The recent SFW was my busiest yet because I did coverage for CNN Style and all the sites I’m currently working for. I also met Richard Juan then, and we ended up doing an interview for Snippet.
Has being a Filipina ever had an impact on your career journey in Korea?
Whenever I say I’m from the Philippines, Koreans would often say that Filipinos are known for being good at speaking English. Korea has been so good to me, I haven’t really had any huge negative experiences, except that one time when I went for an interview for an English teaching job. When the hagwon director met me, he said he was surprised that I was a Filipina because based on my resume and writing portfolio, he thought I was American! He admitted that he couldn’t hire me full-time—most hagwons prefer native English speakers, plus points if you’re from their preferred countries—but because he thought I didn’t have a Filipino accent, he could hire me as a teaching assistant with a lower wage. He said Asians normally get lower salary than western foreigners. I never responded to his calls after that day.
How similar or different is your life as a writer and editor in the Philippines compared to your life as such in Korea?
Quite different! In Manila, having spent years in the industry, things would often come so easily for me. I can just call or text PR companies and brands for information, invites, and photos. I don’t even have to call, actually—they would just send them to me regularly. I can easily borrow clothes or accessories and book locations for shoots. But what I do miss most is working with the creatives in Manila. Everyone is up for collaborations. They go all-out with their creative vision, no matter how crazy or difficult it can be. The atmosphere on the set is always characterized by friendly banter. Shoots in Manila often feel like we’re playing and hanging out with friends.
In Korea, you always have to act and talk professionally. Age and seniority are also important factors you have to consider when it comes to addressing the people you work with. But for me, it’s always good to learn different ways of working and adjusting yourself depending on the situation.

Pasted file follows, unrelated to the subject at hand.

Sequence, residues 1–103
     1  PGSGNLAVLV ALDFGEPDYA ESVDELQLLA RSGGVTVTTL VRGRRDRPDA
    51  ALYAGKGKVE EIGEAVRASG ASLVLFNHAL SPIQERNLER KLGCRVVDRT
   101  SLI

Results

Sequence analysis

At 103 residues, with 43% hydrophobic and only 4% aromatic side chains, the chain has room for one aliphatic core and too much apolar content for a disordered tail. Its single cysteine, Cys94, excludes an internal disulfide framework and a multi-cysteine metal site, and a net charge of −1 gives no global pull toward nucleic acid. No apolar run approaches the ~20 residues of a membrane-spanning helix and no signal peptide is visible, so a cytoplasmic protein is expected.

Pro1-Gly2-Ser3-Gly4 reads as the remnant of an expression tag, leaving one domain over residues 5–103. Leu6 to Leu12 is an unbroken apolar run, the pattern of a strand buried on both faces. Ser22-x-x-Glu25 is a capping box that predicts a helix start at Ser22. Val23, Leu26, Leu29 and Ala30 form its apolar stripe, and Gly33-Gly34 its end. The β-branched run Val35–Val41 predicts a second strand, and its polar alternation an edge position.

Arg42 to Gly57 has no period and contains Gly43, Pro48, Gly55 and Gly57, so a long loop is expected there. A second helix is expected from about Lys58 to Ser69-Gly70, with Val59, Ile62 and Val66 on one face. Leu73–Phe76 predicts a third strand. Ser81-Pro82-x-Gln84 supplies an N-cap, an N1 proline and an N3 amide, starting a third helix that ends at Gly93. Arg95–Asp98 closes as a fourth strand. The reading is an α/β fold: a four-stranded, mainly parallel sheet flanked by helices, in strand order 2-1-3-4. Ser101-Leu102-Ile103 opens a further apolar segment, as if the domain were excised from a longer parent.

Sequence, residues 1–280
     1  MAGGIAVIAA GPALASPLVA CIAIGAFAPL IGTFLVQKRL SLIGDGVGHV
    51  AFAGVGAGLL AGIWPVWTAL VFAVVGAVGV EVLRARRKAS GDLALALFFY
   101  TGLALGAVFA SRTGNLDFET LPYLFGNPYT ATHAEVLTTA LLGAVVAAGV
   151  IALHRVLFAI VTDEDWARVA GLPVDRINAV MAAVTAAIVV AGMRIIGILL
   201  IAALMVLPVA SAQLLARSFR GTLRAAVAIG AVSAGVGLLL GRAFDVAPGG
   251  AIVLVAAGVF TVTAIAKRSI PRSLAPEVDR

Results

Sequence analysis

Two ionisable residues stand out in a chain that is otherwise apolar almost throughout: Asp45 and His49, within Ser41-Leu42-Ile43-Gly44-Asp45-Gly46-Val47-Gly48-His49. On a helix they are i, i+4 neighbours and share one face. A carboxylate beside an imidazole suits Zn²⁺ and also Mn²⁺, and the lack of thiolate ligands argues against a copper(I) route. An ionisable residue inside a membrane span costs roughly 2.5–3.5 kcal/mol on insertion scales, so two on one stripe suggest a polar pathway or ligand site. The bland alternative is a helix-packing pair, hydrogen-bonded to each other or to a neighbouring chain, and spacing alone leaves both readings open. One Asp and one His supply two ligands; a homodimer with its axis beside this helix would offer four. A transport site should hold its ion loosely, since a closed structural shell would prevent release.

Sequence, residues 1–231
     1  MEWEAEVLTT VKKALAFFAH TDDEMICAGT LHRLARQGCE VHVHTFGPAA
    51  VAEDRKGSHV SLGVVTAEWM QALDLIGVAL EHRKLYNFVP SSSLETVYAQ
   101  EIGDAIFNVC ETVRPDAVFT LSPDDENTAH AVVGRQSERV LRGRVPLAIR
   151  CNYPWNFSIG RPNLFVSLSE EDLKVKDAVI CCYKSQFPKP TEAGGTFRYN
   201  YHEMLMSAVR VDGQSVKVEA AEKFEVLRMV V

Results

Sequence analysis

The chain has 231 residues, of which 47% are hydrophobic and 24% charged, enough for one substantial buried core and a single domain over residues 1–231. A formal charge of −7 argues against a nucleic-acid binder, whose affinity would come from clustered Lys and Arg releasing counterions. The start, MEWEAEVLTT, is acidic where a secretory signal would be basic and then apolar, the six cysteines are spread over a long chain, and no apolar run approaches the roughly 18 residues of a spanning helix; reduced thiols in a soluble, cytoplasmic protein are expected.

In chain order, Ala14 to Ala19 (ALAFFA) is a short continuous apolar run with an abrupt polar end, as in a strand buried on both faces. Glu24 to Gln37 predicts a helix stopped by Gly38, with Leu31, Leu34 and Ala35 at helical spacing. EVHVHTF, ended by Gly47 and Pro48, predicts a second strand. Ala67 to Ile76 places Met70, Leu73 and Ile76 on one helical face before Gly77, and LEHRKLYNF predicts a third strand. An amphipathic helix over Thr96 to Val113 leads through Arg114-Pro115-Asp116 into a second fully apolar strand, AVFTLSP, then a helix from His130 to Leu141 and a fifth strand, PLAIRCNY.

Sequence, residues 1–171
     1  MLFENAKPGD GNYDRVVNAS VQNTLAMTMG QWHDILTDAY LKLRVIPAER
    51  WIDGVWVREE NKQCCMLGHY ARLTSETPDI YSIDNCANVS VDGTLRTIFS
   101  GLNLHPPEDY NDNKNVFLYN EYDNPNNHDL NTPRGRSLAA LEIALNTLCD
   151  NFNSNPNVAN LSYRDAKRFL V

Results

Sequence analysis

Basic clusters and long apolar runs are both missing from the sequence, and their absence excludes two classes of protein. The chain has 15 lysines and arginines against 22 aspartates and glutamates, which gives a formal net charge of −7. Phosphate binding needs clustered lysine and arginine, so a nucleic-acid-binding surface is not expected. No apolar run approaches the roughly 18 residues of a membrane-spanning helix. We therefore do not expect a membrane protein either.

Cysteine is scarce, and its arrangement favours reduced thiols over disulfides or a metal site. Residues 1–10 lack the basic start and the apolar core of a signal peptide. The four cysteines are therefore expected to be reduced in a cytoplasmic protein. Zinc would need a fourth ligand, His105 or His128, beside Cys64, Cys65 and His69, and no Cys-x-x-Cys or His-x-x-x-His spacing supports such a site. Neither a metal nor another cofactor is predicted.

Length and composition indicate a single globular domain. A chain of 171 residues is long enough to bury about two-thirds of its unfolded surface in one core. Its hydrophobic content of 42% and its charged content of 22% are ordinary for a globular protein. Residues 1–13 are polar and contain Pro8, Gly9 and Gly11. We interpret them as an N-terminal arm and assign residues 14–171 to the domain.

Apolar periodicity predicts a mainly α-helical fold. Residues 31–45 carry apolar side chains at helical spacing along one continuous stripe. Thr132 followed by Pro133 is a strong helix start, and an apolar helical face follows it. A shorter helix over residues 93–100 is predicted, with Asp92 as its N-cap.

What are your most memorable experiences on the job in Korea?
Definitely interviewing Korean fashion designers and seeing celebs I’ve admired for a long time in person, and finding out that they’re very humble and nice off-screen. I was also able to cover a forum that included some of the best journalists in the world: CNN’s Anderson Cooper, BBC’s Robert Kelly, among many others. I was also able to interview Han Hyun Min, the first Korean-Nigerian model who made it big as a fashion model in South Korea.
Do you still get excited about Korean pop culture even though you've been covering it and consuming it for work for a while now?
Of course! I don’t think I’ll ever get used to seeing Koreans who are prominent in music, drama, or fashion. So far, the most starstruck I’ve felt was when I saw 2NE1 (when they were still active), Jay Park, Red Velvet, the fashion models I mentioned earlier, Ahn Jae Hyun, EXO, and Girls’ Generation members sitting across from me; and meeting mega-influencers Aimee Song (whom I’ve been following since 2010!), Irene Kim, Soo Joo, among many others!
What common misconceptions do people in the Philippines have about your life in Korea, and what is it really like?
Most people think it’s all glamorous and like a K-Drama come to life. I don’t really do things for fame or fortune, I’m far from it! It’s work, first and foremost. In previous SFWs, the other writers and I would be stuck in the press room all day writing after watching a show. This year, I spent the whole night at a PC rental shop until 1 a.m. and went there again early the next day at 8 a.m. because my laptop had broken down and I had to send my articles before and in between fashion shows!
I also used to get DMs in my Instagram asking not just how I got my work, but also questions like “How did you get a Korean oppa?” It’s funny. We don’t live a K-Drama life filled with grand romantic gestures. I didn’t marry my husband because I love K-Pop or just so I can move to Korea.
How have you been adjusting to life in Korea in general?
Learning the Korean language is really important here. Right now, I can understand more than I can speak and I need to keep learning, because I really think it’s not only necessary to get by, but also you need to integrate yourself within the community. We have a lot more in common with Korean culture than we think, especially when it comes to family values. But one thing I had to be mindful of is always being on time. “Filipino time” is something that is not acceptable here—actually, it shouldn’t be anywhere else.
My husband has been supportive of all my creative ventures—he would take photos and videos for me, drive me to shoots, carry my luggage, take my OOTDs, he’s the best! He never asked me to change my career. In fact, he would often encourage me to make my own platform and not always make content for others. I’m not quite ready yet and I don’t think I’m a blogger/vlogger material (and I’m forever awkward in front of the camera), but I don’t want to say never.